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A Caution Airy Tail

When you are bolgging, typos are no big deel.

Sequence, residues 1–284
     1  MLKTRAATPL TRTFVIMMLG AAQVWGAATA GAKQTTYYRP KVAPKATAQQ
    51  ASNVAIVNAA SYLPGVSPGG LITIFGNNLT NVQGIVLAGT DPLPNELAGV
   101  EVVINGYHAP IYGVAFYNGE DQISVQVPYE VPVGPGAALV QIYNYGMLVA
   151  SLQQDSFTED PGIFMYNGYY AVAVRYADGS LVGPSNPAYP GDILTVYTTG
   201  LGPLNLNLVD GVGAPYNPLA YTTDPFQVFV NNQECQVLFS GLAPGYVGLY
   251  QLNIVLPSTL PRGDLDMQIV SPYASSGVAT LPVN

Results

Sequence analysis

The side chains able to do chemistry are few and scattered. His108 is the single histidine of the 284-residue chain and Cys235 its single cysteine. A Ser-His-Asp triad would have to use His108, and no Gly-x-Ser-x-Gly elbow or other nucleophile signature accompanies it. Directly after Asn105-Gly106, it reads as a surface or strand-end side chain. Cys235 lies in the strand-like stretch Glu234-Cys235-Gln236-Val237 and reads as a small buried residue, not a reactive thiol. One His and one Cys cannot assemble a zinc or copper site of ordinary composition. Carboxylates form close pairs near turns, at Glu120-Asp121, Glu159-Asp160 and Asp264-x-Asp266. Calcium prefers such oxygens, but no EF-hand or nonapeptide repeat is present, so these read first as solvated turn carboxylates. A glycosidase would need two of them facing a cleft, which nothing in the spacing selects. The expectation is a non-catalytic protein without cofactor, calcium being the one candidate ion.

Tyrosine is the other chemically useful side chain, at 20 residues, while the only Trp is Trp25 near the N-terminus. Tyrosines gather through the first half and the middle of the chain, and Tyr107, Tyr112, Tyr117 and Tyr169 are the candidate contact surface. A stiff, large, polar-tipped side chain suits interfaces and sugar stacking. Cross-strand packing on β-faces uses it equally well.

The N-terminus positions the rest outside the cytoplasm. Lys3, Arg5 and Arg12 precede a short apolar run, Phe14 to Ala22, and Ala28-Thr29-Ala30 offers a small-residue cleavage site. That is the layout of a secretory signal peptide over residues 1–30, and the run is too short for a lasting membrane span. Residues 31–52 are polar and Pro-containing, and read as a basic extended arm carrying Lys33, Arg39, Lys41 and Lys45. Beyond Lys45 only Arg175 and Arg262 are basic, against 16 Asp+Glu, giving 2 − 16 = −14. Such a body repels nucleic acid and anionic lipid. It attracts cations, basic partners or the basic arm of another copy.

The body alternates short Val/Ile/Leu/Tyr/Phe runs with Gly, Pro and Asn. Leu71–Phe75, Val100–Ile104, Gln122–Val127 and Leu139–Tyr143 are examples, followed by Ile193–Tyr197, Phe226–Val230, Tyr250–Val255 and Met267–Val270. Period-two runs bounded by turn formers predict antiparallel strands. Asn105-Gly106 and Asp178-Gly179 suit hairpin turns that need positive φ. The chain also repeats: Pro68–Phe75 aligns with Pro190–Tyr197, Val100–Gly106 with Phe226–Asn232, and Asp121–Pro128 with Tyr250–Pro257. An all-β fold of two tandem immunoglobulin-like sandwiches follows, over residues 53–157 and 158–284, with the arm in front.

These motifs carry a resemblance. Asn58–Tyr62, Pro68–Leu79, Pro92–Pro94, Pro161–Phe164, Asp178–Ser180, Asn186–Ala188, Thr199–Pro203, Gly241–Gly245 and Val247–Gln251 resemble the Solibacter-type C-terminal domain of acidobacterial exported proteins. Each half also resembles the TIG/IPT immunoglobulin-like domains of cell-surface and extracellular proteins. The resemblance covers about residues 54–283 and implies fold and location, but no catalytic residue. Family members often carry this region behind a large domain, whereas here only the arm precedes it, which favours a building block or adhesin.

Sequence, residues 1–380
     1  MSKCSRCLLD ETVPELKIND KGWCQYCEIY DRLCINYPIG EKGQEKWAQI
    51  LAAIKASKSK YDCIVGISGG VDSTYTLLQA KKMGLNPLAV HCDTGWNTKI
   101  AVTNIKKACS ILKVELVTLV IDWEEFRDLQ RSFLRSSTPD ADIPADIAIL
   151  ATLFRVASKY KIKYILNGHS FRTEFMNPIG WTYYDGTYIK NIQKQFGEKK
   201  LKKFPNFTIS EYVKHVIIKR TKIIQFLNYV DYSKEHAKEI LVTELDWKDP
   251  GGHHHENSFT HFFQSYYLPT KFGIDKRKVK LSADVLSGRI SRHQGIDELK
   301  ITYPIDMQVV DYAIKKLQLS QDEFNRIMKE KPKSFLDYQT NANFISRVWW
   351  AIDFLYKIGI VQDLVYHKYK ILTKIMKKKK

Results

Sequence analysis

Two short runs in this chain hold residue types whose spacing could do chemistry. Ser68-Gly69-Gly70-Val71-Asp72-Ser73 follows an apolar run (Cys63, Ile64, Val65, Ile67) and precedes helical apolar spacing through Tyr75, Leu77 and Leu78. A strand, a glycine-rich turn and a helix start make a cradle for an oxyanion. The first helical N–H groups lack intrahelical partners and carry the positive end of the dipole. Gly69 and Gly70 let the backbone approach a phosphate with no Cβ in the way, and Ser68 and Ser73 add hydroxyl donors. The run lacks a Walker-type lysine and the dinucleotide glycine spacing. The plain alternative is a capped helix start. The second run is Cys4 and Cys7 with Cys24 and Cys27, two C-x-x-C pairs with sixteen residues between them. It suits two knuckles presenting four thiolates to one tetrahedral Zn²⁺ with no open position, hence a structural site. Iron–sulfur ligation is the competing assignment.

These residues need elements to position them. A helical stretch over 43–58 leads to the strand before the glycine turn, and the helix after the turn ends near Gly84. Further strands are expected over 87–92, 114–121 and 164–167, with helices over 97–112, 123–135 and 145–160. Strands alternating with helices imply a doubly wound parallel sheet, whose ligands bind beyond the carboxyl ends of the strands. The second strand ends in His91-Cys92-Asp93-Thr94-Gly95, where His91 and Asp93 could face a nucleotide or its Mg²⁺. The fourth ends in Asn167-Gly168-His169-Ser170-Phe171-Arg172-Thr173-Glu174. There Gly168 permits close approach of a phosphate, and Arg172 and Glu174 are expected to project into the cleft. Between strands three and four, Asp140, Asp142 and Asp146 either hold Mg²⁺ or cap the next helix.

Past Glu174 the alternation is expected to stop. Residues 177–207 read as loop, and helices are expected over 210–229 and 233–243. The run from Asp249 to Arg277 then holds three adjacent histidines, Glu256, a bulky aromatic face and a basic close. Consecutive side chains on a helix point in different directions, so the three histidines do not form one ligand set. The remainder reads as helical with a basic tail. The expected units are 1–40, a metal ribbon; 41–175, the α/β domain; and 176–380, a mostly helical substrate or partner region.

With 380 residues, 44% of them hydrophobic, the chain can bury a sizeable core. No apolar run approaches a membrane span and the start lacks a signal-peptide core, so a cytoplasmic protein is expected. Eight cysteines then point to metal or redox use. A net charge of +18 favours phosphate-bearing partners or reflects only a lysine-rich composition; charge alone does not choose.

However, typos can be very expensive if you are seeking attorneys' fees in front of a jurist like U.S. District Judge J. William Ditter, Jr. Ruling upon a fee motion in which a successful plaintiff sought more than $180,000 in fees, the judge reduced the amount to $105,000 to account for claims dismissed before trial, then cut that amount by another 75 percent to account for claims rejected by the jury, and what he called “questionable time records, lack of candor and slip-shod submissions," citing spelling errors such as "plaintf," "Philadehia," "attoreys," "reasonbale" and "Ubited States"; a misquoted a federal statute; citing wrong court rules; and calling a U.S. Supreme Court dissenting opinion a concurring opinion. The judge noted that an amended petition had corrected most of the misspellings but still contained several errors, including the wrong first name for a police officer, errors in case and statute citations, missing words and “challenging” assertions; plus, the new version incorrectly listed the amount of damages awarded by the jury in the civil rights suit as $15,000 instead of $150,000. Bottom line: the fees were reduced from $180,000 to $26,000. The case is McKenna v. City of Philadelphia. How much of the $154,000 haircut resulted directly from the typos is unclear, but it is clear that the errors were a big part of the judge's motivation to slash the fees.

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